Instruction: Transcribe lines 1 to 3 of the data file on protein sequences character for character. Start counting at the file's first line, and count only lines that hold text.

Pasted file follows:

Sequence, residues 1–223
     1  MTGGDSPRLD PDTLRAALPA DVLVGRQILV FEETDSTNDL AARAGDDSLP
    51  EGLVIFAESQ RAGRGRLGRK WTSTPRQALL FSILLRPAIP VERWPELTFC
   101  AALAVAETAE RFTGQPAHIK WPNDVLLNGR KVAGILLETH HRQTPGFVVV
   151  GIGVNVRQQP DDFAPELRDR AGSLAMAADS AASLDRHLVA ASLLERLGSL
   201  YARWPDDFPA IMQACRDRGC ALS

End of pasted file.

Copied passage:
Sequence, residues 1–223
     1  MTGGDSPRLD PDTLRAALPA DVLVGRQILV FEETDSTNDL AARAGDDSLP
    51  EGLVIFAESQ RAGRGRLGRK WTSTPRQALL FSILLRPAIP VERWPELTFC